Despite coming in third in Tuesday's primary in Alaska, embattled Republican governor Frank Murkowski is taking a page out of Senator Joseph I. Lieberman's (I-CT) playbook and is refusing to accept the verdict of the voters:
"With all that's at stake in Alaska and around the country, I cannot and will not let these results stand," said Murkowski, who captured 19 percent of the vote in his bid for a second gubenatorial term.
Promising to continue running as an independent Republican, Murkowski pledged to make this a "people's campaign".
For the moment it's unclear what provisions exist for allowing Murkowski to continue his campaign and whether new petitions and signatures supporting his new independent campaign have to be gathered.
Nevertheless, Murkowski, who before being elected governor in 2002, was elected to four terms in the U.S. Senate remains unbowed:
I'm staying in this race because I want to keep working for the things that matter to you and help meet the critical challenges facing our state and country...
I have always followed a different path. My 30 years of experience has been about bringing people together and solving problems...
That is what my campaign will be all about building a new politics of unity and purpose and delivering results for the people of Alaska.
I hope you will join me in this cause, no matter your political persuasion, to secure a brighter future for our state and our country.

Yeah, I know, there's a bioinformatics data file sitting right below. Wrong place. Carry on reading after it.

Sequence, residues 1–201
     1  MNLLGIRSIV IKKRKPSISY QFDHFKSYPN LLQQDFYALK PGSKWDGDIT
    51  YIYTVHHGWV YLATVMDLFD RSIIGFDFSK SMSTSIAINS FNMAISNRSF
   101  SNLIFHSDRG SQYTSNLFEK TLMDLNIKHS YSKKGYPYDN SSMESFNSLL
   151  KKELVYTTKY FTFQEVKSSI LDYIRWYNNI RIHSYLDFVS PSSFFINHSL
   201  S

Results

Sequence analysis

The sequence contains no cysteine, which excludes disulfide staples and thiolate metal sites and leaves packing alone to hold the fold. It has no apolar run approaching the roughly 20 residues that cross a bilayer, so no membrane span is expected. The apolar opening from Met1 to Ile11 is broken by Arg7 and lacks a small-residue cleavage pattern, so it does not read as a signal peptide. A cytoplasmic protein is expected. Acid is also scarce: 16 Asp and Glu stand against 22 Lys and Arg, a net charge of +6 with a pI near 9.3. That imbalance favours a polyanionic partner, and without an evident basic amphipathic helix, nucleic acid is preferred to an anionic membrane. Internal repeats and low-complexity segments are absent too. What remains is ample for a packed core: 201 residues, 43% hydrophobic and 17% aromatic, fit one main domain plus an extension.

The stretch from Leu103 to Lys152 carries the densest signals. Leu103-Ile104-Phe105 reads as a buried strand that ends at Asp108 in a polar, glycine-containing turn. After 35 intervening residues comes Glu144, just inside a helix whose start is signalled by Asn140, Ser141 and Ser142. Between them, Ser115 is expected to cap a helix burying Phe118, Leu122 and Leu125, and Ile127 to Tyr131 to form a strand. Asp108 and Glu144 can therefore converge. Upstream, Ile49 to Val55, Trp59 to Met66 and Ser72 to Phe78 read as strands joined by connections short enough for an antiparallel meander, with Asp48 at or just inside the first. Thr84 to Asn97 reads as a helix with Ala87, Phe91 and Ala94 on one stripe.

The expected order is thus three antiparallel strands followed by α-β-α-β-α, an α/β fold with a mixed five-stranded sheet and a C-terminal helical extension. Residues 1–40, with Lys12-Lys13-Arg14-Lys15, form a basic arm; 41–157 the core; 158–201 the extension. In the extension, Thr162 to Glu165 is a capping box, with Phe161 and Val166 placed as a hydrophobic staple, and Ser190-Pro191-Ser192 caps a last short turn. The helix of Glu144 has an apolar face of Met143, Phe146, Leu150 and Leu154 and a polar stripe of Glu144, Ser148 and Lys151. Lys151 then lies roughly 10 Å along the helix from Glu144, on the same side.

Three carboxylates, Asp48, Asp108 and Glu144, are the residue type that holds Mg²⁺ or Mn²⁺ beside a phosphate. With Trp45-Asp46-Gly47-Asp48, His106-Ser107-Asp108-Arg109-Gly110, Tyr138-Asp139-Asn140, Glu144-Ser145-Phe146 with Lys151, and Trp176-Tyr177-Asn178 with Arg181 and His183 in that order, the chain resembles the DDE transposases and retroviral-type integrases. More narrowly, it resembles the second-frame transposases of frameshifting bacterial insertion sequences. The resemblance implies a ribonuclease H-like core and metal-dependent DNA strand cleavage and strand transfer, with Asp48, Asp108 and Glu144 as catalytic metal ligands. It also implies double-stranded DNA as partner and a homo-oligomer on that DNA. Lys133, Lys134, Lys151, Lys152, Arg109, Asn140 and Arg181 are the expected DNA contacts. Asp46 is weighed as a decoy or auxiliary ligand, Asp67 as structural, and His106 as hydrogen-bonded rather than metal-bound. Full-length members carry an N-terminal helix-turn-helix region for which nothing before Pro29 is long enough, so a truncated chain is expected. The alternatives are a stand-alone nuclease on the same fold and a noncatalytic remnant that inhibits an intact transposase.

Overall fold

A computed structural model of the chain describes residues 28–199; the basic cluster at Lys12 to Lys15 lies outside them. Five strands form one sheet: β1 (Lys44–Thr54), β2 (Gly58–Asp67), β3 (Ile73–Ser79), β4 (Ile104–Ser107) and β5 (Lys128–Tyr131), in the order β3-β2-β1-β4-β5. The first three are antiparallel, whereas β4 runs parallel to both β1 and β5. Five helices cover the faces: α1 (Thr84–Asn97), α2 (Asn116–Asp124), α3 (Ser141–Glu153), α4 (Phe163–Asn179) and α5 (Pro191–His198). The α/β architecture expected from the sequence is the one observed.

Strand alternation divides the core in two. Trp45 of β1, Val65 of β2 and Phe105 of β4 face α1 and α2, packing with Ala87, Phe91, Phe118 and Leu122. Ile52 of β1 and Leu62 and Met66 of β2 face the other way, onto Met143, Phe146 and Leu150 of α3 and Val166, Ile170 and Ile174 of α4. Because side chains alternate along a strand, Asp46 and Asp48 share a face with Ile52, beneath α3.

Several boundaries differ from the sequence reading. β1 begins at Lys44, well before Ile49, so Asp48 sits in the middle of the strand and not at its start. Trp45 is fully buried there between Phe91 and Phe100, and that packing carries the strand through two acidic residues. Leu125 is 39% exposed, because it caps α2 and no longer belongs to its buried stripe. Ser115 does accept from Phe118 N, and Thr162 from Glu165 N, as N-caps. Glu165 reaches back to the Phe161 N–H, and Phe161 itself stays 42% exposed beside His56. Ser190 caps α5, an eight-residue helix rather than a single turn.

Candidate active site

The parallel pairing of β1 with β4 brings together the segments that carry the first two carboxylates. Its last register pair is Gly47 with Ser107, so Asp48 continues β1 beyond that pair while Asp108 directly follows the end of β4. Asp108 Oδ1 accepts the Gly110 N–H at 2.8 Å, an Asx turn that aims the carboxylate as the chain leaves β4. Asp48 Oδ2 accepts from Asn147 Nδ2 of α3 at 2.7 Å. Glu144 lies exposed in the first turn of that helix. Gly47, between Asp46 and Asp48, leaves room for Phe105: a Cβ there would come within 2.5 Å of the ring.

Meanwhile, other endangered incumbents across the country are considering similar strategies to keep their jobs.
In Rhode Island, U.S. Senator Lincoln Chaffee faces a challenge from his party's conservative wing, Cranston mayor Steve Laffey, and trails his presumed Democratic opponent, Sheldon Whitehouse, in recent polls.
"It's a tough issue, no doubt about that", says an anonymous aid. "The Lieberman and Murkowski defeats certainly give us pause. At the same time, those elected officials' promises to fight on also give us encouragement in case the voters vote us out, too. We'll be watching their campaigns closely for clues as to how we might stay in this thing if the elections don't work out", said the aid.
Other embattled U.S. Senators, such as Rick Santorum, Conrad Burns, and Mike DeWine are trailing in their re-election bids. But the moves by Lieberman and Murkowski may encourage defeated incumbents, even in general elections, to fight on and repudiate the will of the voters.
The fear of incumbents is so wide spread that even some not on the 2006 ballot are re-considering their options when term limits and other technicalities threaten their political futures.
President George W. Bush, for instance, received a welcome bit of cheer from a totally spontaneous visit by Rockey Vaccarella, an average citizen from the Katrina-striken gulf coast who thanked the president for his FEMA trailer and expressed his hope that Bush could be persuaded to run again for a third term, even though the Constitution prohibits it.
Bush's aids soft-pedaled talk of an un-Constitutional third term, but sources close to the Vice President expressed their interest in foregoing the next election on account of the "war on terror". The aids believe that a little known idea known as the unitary-executive theory may exempt the current administration from the 22nd Amendment and allow President Bush to run again in 2008.
While aids to President Bush and other embattled incumbents are wary of public reaction to their attempts to maintain hold over their entitled offices, others are confident the news media, particularly cable television, will provide the popular cover they need.